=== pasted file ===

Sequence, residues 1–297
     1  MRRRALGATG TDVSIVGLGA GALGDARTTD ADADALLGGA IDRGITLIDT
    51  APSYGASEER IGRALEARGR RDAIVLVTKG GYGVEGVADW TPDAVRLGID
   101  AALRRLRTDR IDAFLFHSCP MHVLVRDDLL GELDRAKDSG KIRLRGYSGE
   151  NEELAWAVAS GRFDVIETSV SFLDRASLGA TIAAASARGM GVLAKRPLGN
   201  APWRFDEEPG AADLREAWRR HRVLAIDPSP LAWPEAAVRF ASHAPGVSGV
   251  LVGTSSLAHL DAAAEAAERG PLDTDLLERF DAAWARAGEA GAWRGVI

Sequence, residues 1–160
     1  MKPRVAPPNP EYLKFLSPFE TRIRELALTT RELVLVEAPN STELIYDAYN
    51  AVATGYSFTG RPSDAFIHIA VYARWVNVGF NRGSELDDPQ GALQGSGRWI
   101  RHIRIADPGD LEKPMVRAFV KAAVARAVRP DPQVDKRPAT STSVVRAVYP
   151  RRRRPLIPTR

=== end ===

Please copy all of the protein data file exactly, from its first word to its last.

Sequence, residues 1–297
     1  MRRRALGATG TDVSIVGLGA GALGDARTTD ADADALLGGA IDRGITLIDT
    51  APSYGASEER IGRALEARGR RDAIVLVTKG GYGVEGVADW TPDAVRLGID
   101  AALRRLRTDR IDAFLFHSCP MHVLVRDDLL GELDRAKDSG KIRLRGYSGE
   151  NEELAWAVAS GRFDVIETSV SFLDRASLGA TIAAASARGM GVLAKRPLGN
   201  APWRFDEEPG AADLREAWRR HRVLAIDPSP LAWPEAAVRF ASHAPGVSGV
   251  LVGTSSLAHL DAAAEAAERG PLDTDLLERF DAAWARAGEA GAWRGVI

Sequence, residues 1–160
     1  MKPRVAPPNP EYLKFLSPFE TRIRELALTT RELVLVEAPN STELIYDAYN
    51  AVATGYSFTG RPSDAFIHIA VYARWVNVGF NRGSELDDPQ GALQGSGRWI
   101  RHIRIADPGD LEKPMVRAFV KAAVARAVRP DPQVDKRPAT STSVVRAVYP
   151  RRRRPLIPTR